A new baby elephant was born this past Sunday at the Houston Zoo. He was born in the herd just two months after baby elephant Winnie was born! The team that has devoted their lives to the care, well-being, and conservation of these amazing animals has called the calf Teddy.
Tess, mother of this baby is 37 year old Asian elephant. She gave birth to a 391-pound male on Sunday at 8:04 p.m. This calf brings the Houston Zoo herd to 13 elephants–six males and seven females. Tess is also the mother of Tucker (15), Tupelo (10) and Tilly (2), as well as the grandmother of Winnie, who was born on March 10
The Houston Zoo’s vice president of animal operations, Lisa Marie Avendano said:
Our animal team is thrilled that the birth has gone smoothly. We look forward to continuing to watch Teddy and Tess bond, and introducing him to Houston.”
Tess gave birth in the McNair Asian Elephant Habitat cow stable, surrounded by her keepers and veterinary staff. Tess and Teddy will go through post-natal evaluations and spend several days bonding before they make public appearance. The team is watching for the pair to share some crucial moments during the bonding process, such as engaging with mom and gaining some weight.
Over the next few years, the Houston Zoo’s animal care staff will monitor Teddy, for Elephant Endotheliotropic Herpes Virus (EEHV) symptoms. EEHV is the most infectious disease in elephants around the world. It affects wild elephants and as well as elephants under human care in sanctuaries and zoos.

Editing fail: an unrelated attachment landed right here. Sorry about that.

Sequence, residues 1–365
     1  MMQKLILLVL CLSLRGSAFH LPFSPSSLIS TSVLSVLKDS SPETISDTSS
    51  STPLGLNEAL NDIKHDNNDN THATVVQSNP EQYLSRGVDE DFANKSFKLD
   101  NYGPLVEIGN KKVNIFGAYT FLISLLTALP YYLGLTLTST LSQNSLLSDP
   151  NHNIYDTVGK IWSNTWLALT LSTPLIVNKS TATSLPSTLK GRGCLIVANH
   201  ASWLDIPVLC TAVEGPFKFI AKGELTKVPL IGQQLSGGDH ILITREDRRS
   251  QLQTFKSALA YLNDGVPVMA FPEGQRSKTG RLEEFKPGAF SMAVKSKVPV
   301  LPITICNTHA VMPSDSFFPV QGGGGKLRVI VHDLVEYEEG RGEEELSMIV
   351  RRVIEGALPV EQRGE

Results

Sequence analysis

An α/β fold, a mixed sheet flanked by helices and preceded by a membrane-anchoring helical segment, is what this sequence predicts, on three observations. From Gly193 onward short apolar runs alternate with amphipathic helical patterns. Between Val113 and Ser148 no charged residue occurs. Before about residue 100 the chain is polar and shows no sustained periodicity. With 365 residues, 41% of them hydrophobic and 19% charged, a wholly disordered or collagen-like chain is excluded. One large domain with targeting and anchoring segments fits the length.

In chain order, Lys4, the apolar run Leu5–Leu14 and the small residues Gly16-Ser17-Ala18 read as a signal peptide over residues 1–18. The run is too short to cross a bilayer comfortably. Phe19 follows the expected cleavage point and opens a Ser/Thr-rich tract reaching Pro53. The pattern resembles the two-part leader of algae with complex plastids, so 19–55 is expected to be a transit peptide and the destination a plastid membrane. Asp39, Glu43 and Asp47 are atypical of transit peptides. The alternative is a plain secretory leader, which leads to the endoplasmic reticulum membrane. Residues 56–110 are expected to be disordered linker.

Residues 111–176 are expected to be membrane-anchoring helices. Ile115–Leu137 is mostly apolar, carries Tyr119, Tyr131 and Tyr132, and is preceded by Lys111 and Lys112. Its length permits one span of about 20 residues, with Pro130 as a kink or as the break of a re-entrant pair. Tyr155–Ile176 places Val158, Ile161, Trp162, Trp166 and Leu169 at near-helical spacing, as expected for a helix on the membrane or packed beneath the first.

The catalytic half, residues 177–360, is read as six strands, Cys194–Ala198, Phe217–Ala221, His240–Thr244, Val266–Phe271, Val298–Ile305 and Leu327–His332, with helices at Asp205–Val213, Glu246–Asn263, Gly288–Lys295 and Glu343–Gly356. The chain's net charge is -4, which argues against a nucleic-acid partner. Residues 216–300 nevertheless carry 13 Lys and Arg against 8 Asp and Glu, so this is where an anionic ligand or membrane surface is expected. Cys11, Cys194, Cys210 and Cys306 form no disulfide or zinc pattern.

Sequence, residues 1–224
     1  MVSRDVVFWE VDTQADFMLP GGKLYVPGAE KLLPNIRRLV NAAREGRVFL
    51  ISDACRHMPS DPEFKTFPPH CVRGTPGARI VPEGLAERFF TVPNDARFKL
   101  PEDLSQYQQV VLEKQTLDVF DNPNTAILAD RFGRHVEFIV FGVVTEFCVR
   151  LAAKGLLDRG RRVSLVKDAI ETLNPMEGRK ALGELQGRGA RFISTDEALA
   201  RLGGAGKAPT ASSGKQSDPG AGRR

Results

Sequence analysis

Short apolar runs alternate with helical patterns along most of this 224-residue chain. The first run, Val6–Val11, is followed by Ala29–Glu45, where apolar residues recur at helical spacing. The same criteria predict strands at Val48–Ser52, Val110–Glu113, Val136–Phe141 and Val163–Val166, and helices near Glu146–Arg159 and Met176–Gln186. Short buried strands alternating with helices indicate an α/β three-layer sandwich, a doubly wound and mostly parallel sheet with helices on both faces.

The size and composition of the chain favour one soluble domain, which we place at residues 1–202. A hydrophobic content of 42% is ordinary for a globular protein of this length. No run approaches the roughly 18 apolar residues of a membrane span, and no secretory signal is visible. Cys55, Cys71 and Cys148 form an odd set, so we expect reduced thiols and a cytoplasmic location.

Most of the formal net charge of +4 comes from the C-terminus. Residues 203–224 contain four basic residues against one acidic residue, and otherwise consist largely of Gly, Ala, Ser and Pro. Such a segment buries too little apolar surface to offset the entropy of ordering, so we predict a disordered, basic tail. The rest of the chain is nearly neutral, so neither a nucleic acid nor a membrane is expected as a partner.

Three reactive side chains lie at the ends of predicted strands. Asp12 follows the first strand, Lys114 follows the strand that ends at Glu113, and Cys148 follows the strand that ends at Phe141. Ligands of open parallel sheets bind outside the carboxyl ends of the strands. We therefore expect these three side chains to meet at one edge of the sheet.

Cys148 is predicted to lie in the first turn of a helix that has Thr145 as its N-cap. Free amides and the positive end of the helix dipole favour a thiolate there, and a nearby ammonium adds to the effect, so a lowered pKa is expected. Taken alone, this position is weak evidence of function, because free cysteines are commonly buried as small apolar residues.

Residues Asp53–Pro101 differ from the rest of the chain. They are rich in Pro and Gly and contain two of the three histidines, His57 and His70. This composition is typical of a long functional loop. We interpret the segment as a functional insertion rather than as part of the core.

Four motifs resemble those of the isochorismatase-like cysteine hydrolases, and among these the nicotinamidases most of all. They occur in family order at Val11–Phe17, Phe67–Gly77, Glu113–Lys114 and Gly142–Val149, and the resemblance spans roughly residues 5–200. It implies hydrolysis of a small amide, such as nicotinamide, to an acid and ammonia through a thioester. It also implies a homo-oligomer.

The Houston Zoo is assisting in the discovery of therapies and the creation of virus control strategies. In 2009, the Zoo’s elephant care team and veterinarians collaborated with herpes virologist Dr. Paul Ling at Baylor College of Medicine’s Department of Virology and Microbiology, which resulted in major advances in the study of Elephant Endotheliotropic Herpes Virus and the development of a vaccine.
Visitors to the Houston Zoo will help save elephants like Teddy and their families in the wild simply by visiting the zoo. A part of each Zoo entry and membership fee is donated to the conservation of wild elephants in Asia. The Zoo provides training, assistance, and equipment to local researchers to track and monitor wild elephants by putting satellite collars on them. The Malaysian conservation team of the Zoo is now monitoring and defending three groups of Asian elephants and their babies in Borneo. The information gathered from these groups will be used to advise future national elephant conservation plans.
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